• Post category:2021 / News
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10 August 2021 | By Emily McCulloch-Jones

The high demand for ornamental plants at a global scale, combined with modern and increasingly efficient modes of trade (i.e., e-commerce), highlights the horticultural trade industry as a subject of major conservation concern. Historically, ferns are well documented as being a popular ornamental plant group and recent studies have highlighted their high propensity towards invasion. Despite this, no studies have considered the role of trade as a driver of invasiveness in this large plant group.

This topic was tackled in a recent publication in the journal Biological Invasions, led by C∙I∙B-funded PhD student Emily McCulloch-Jones from Nelson Mandela University (NMU). Additional researchers affiliated with NMU, Dr Tineke Kraaij and Prof. Herve Fritz, as well as South African fern expert Prof. Neil Crouch were co-authors.

The paper considers six major trading countries across the globe and showed that successful establishment in traded alien ferns is influenced by both species and market traits, specifically trade through e-commerce and the number of varieties and cultivars available for a species (a proxy for the effects of horticultural manipulation and ecotypic variation) (Figure 1).

The relative probability of a traded alien fern species becoming established in its country of trade in relation to market presence
Figure 1. The relative probability of a traded alien fern species becoming established in its country of trade in relation to market presence (i.e., the number of nurseries selling a species) and other significant predictor variables

By consulting horticultural catalogues to identify introduced species, i.e., adopting a horizon-scanning approach, the study identified 382 traded ferns, 261 of which were traded as aliens. The study further identified 29 species of traded alien fern that have successfully established elsewhere but currently have the status of introduced in their country of trade.

The researchers suggest that these species should be closely monitored and recognised as potential invaders present in trade. Some invasive species negatively affect their invaded environment, for example, large colonies of Holly fern (Cyrtomium falcatum), which is native to Asia, compete for habitat along the rocky coasts of Western Europe and South Africa.  Holly fern also readily colonises man-made structures in coastal towns and cities (Figure 2).

2 The invasive Holly fern (Cyrtomium falcatum) colonising a wall in the town of Hermanus, South Africa
Figure 2 The invasive Holly fern (Cyrtomium falcatum) colonising a wall in the town of Hermanus, South Africa.

The authors also highlight the importance of apogamy, which permits the production of young plants without fertilization and allows for more rapid maturation of sporophytes and thus the earlier production of spores. Apogamous species such as Holly fern and Tassel fern (Polystichum polyblepharum) were identified as highly traded in the study. The researchers suggest that consideration of apogamy in other traded alien ferns will be useful in future studies that assess invasive potential.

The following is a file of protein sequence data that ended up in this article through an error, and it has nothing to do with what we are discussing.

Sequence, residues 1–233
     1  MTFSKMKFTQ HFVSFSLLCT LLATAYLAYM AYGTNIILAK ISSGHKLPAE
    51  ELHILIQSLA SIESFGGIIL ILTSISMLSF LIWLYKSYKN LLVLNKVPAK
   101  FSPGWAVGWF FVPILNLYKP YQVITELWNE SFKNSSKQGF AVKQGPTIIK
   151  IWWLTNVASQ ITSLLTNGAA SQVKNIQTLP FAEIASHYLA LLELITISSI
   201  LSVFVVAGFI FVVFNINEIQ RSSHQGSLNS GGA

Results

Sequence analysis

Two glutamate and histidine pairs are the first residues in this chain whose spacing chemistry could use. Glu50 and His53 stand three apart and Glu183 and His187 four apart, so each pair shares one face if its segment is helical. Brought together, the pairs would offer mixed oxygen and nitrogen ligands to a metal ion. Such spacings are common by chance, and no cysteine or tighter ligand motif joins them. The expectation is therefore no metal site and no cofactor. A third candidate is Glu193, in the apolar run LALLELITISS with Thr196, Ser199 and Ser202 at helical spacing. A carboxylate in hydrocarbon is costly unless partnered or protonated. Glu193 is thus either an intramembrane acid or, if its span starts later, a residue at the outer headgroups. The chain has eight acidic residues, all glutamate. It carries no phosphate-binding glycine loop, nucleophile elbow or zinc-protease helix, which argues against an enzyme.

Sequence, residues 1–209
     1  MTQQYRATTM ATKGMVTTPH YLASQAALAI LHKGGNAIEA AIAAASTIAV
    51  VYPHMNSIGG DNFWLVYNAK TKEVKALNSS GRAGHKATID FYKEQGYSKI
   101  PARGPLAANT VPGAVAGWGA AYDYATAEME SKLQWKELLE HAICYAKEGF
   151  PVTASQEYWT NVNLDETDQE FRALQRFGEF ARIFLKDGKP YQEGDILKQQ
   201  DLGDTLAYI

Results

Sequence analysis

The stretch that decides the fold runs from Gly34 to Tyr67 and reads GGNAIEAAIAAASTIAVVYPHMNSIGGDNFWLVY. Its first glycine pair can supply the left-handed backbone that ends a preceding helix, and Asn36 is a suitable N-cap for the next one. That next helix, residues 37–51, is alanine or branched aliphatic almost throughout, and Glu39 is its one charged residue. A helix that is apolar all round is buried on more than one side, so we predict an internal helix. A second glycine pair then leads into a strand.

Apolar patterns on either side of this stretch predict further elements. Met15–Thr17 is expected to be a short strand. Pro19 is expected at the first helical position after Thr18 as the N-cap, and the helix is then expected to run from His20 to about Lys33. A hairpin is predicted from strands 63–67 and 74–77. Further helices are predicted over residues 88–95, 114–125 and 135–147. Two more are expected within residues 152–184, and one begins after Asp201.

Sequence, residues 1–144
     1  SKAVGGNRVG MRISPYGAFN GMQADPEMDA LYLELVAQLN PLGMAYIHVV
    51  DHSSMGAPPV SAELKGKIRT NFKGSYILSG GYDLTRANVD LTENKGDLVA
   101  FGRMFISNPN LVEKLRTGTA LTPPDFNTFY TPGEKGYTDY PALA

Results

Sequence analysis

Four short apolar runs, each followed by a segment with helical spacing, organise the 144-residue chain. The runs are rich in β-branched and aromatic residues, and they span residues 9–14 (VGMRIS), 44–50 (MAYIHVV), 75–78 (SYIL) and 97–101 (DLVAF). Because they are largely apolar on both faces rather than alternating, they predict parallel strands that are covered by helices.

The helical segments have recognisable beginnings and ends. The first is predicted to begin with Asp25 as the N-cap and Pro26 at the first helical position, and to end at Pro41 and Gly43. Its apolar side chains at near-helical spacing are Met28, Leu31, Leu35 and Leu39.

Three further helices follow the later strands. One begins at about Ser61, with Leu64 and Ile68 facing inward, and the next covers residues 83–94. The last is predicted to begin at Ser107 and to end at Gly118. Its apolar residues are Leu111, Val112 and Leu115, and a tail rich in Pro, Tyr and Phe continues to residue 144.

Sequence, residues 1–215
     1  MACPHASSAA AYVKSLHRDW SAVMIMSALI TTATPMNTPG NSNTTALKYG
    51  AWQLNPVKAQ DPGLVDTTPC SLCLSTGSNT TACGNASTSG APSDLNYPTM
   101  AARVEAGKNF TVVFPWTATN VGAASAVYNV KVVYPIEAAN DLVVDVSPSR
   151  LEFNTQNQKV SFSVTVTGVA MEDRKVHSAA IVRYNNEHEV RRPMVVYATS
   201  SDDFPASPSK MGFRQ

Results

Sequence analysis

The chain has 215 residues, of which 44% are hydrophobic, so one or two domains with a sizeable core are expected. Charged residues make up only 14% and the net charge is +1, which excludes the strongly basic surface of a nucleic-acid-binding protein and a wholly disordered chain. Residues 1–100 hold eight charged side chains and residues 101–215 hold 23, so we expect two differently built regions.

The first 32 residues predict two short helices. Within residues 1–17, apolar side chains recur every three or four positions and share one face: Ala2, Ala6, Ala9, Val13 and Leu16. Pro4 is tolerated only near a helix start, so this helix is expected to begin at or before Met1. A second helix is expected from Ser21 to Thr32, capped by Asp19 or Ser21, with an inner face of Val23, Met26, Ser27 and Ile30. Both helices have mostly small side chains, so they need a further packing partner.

There are still so many questions surrounding alien ferns, but it is evident, at least, that their spread is most dominantly promoted through horticultural trade. It is great to have an inventory of species and some indication of their propagule pressure in different parts of the world. This is useful information as it has a tangible output and provides direction towards the management of current and future fern invasions” – Emily McCulloch-Jones

It is likely that there are significantly more alien ferns across the globe than currently documented, given that the desktop approach applied in this study identified an additional 104 introduced species of alien fern across six countries when compared with a recent study (Jones et al. 2019) which identified relatively few introduced species at a global scale.

It is so important to identify species introductions from their source. It is most likely that we identified more introduced species in this analysis compared to the previous study due to our survey approach, which considered nursery catalogues rather than formal inventories on alien and native flora. Furthermore, it is likely that there are still more alien fern species in the market than what we could detect.” – Emily McCulloch-Jones

The authors suggest that their methodology of screening horticultural catalogues for traded alien fern species allows for the early detection of introduced species and is an approach, which should be implemented globally as a means to inform policy and legislation surrounding potential invaders introduced through trade. The full trade data set is still being assessed, following which the authors hope to provide country-specific management recommendations.

Read the full article

 McCulloch-Jones, E., Kraaij, T., Crouch, N. and Fritz, H. 2021. The effect of horticultural trade on establishment success in alien terrestrial true ferns (Polypodiophyta). Biological Invasions. https://doi.org/10.1007/s10530-021-02599-0

Jones, E.J., Kraaij, T., Fritz, H. and Moodley, D. 2019. A global assessment of terrestrial alien ferns (Polypodiophyta): species’ traits as drivers of naturalisation and invasion. Biological Invasions. https://doi.org/10.1007/s10530-018-1866

For more information, contact Emily McCulloch-Jones at s216016479@mandela.ac.za